Marijuana and birth control pills

Dear Alice,

My question is this: does smoking marijuana have the same effects as smoking cigarettes if you're on the birth control pill? Thanks.

Dear Reader,

Given a lack of research on the simultaneous use of marijuana (also frequently called weed and pot) and birth control, it’s currently unclear how pot and the pill may interact or conflict with one another. However, it's known that tetrahydrocannabinol (THC), a chemical compound found in marijuana, naturally elevates blood pressure. This elevation may pose a risk for people with certain pre-existing heart conditions that might also be worsened by birth control. Additionally, when used on its own, marijuana may induce undesirable and negative health effects (more on those in a bit!). As such, if you’re considering mixing marijuana and birth control pills, you may wish to speak with your health care provider beforehand to gauge and prevent potential health risks.

While research has shown that smoking tobacco or drinking alcohol while on birth control can heighten a person’s risk for cardiovascular disease and stroke, there are no studies looking at the effects of smoking or eating marijuana while on birth control. Due to marijuana’s classification as a Schedule I drug, there are rigid restrictions on the types and amount of research conducted. However, even with the minimal research out there, there’s no evidence to suggest that marijuana decreases the effectiveness of birth control. Beyond the risks involved with using marijuana or cigarettes at the same time as birth control, there are risks associated with using marijuana or cigarettes alone.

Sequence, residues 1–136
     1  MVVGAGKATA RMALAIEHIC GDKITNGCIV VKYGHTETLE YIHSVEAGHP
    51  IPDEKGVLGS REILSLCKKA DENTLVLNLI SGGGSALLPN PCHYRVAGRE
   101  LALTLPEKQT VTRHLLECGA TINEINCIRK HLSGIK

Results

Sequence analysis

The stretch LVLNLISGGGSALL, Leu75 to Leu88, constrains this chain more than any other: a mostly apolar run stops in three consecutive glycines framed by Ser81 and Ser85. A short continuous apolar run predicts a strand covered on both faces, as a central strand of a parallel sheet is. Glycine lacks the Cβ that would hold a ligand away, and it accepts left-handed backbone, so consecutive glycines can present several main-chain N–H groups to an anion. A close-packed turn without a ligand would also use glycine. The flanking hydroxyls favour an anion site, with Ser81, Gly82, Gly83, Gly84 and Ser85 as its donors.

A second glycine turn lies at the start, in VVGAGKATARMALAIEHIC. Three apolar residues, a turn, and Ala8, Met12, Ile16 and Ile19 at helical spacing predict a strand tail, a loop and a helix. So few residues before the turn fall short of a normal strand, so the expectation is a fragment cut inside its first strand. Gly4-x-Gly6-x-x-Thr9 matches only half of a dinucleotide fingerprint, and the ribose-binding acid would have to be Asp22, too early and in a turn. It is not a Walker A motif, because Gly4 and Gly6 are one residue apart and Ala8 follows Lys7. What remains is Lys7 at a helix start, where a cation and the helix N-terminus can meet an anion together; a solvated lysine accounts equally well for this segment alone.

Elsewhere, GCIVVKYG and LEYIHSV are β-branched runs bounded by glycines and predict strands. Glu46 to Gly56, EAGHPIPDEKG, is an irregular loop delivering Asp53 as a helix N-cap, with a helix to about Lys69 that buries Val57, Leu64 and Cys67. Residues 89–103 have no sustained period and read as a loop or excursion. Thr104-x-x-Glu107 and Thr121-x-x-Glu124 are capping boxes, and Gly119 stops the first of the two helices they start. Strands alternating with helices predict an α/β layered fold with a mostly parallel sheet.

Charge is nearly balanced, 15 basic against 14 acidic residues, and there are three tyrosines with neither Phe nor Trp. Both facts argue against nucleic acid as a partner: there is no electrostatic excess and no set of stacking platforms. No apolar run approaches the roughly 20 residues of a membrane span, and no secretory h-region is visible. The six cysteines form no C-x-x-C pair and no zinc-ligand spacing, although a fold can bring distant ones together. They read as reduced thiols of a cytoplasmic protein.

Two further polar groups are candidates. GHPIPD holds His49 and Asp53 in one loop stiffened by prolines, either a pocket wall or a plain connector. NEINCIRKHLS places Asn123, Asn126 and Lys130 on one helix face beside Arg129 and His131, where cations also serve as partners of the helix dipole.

In the short-term, both cigarette and marijuana may cause a person to experience elevated blood pressure and heart rate. Although sporadic marijuana use hasn't been linked with negative long-term effects in young and healthy users, chronic and heavy use may lead to long-term outcomes similar to those from smoking cigarettes. These long-term effects include increased risk for stroke, heart attack, and cancer. Also, those who smoke marijuana and tobacco tend to have a lower tolerance for physical activity than non-smokers, which may decrease their physical fitness.

Beyond comparing the effects of smoking marijuana and cigarettes, you may find it helpful to consider potential effects of marijuana use on its own. With marijuana use, people might experience a variety of health effects that they perceive as positive or negative. Some short-term effects of marijuana use may include perceived pain reduction, increased heart rate and palpitations, slower reaction times, and altered perceptions of time and space. Additionally, long-term effects may include addiction and difficulties with learning and memory. Furthermore, marijuana appears to have a complicated relationship with mental illnesses. Depending on the person and high, marijuana use may alleviate, exacerbate, or induce mental health issues such as anxiety, depression, paranoia, and psychosis.

Ultimately, more research is needed to understand the effects of smoking marijuana on birth control pills. You may want to pay attention to any new information or research that is released in this area as it becomes available. Kudos for asking how different substances interact with medications! If you wan to learn more, you may want to check out the Birth Control Pills category in the Go Ask Alice! Sexual & Reproductive Health archives.

Last updated Feb 16, 2018
Originally published Jul 25, 2008

Submit a new comment


This question is for testing whether or not you are a human visitor and to prevent automated spam submissions.

The answer you entered for the CAPTCHA was not correct.